Ron began reading the paper, holding it taut. Hermione got up and came around to read over his shoulder. Harry closed his eyes and lay back in his chair, shaking his head and laughing softly.
He knew who was responsible. He'd want to read the details, he thought, sooner or later, but it was clear that Greyback had achieved much more of a triumph even than Harry had thought he would.
And that meant he was free of one of the most pressing threats. Harry looked thoughtfully at the huge pile of letters and gifts on the other side of the room, and then out the window at the wings of owls who were carrying in still more and more.
If he was free of the Unseen, then he could take actions to rid himself of the other threats. It all depended on his will.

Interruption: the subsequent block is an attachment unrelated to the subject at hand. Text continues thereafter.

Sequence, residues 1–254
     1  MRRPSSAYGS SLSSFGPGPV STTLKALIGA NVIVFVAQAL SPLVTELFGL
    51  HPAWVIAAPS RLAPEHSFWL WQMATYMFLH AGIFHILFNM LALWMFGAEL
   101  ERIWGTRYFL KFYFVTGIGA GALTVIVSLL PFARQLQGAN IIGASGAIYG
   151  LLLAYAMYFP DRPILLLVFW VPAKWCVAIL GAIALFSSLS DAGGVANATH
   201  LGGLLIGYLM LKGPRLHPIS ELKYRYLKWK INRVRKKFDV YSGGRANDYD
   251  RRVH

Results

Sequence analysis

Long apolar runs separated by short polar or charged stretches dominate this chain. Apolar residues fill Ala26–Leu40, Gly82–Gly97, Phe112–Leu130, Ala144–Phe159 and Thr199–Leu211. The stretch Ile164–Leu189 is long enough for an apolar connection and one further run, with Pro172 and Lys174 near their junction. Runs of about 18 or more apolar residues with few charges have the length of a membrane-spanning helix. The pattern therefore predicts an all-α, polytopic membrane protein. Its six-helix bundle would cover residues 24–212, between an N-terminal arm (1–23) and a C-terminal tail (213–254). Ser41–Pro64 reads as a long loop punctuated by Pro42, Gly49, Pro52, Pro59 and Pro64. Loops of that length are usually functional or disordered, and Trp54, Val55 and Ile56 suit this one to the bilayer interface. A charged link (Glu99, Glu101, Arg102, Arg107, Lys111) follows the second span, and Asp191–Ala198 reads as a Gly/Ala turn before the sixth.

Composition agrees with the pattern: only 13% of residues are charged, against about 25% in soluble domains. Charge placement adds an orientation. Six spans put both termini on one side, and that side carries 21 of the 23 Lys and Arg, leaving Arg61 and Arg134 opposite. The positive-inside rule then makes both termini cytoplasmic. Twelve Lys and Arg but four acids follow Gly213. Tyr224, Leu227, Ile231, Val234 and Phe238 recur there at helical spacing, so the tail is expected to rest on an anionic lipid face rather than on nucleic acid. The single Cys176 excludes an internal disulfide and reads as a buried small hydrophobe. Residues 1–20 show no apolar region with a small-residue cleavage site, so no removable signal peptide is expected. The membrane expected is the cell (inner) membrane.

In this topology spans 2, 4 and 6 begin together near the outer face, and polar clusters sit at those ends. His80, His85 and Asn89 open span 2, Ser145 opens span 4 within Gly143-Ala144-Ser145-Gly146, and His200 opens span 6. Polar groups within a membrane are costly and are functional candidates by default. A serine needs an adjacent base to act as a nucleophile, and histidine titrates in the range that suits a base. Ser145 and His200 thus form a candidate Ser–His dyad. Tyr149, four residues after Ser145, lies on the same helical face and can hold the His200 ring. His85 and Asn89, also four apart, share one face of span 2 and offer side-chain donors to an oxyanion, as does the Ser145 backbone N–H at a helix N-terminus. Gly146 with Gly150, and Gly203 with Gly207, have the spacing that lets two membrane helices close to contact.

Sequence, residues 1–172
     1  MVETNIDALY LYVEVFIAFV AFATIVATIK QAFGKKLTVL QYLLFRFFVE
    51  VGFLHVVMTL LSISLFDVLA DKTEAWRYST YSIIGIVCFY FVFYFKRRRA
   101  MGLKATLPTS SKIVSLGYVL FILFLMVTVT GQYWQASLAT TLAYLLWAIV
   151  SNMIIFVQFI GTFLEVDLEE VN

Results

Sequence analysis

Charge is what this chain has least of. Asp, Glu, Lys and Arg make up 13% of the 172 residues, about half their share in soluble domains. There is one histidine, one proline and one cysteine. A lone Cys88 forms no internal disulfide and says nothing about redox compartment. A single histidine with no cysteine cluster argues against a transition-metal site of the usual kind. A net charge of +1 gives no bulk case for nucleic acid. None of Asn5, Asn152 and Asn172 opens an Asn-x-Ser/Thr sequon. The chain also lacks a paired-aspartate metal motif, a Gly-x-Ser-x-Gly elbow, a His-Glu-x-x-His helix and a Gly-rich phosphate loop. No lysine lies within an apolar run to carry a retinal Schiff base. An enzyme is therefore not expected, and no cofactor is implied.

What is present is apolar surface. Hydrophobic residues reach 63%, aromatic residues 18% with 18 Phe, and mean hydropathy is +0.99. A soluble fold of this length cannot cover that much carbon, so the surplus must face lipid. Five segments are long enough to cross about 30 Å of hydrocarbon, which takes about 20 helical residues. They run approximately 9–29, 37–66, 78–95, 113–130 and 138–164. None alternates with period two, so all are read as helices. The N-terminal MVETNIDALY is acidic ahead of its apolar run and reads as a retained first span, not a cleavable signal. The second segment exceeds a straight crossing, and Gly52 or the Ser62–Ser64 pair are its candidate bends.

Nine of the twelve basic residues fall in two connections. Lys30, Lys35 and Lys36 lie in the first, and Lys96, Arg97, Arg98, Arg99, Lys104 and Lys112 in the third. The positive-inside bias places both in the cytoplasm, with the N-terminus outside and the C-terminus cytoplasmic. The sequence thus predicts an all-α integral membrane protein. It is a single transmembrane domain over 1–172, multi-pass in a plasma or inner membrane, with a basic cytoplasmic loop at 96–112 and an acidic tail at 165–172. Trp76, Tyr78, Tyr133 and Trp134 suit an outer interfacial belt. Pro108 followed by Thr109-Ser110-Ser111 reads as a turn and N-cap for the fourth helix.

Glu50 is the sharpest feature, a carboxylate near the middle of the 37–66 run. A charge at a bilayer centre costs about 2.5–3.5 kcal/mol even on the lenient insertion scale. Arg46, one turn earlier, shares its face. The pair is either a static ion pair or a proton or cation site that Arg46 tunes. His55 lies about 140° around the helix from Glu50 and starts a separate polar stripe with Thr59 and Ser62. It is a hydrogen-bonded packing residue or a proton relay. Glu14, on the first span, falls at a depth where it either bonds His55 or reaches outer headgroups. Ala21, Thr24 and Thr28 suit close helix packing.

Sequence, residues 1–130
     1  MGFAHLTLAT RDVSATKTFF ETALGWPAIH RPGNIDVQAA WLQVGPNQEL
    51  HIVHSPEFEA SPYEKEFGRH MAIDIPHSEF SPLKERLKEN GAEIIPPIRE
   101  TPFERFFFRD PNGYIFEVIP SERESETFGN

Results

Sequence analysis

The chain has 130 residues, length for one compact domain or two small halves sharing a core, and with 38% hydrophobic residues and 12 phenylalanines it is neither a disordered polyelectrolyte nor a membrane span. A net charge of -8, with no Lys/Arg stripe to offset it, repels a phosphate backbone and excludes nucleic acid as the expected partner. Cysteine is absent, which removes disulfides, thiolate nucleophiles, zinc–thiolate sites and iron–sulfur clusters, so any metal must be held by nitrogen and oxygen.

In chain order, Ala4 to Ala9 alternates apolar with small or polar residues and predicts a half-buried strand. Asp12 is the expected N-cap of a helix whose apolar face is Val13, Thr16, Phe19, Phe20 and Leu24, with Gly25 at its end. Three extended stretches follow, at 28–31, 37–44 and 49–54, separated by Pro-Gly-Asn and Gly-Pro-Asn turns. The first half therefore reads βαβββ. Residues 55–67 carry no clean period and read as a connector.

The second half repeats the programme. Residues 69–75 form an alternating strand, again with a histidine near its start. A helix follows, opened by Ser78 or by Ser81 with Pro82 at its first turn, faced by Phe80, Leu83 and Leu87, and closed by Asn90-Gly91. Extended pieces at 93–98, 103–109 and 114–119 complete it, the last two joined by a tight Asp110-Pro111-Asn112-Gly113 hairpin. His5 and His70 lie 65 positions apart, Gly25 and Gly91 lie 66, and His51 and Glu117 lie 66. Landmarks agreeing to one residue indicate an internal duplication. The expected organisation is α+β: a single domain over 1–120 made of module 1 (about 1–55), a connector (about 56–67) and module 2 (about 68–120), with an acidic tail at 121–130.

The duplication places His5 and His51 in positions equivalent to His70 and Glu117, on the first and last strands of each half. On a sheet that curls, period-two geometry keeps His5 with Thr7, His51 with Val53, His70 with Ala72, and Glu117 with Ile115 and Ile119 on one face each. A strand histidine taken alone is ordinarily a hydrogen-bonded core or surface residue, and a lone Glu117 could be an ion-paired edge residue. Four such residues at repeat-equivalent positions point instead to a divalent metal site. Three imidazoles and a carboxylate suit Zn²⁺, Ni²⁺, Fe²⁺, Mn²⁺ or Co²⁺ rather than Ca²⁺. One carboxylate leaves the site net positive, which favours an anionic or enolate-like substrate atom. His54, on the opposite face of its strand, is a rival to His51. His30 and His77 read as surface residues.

"Greyback?" Hermione's shout made Harry glad that he hadn't been holding anything. She swung around and stared at him, shaking her head. "But how? He has to hate you after he found out what you were doing!"
Harry held her gaze. Now, on the threshold of what might be leaving his friends for a long time, he didn't want there to be any lies between them. "Only if he found out," he said calmly. "Not if he thought there was still a piece of Voldemort alive in me and he was acting in Voldemort's long-term interests even if he died."
Hermione stared at him. She would have said something, Harry was certain, but Ron started reading aloud from the paper, shaking his head as he did.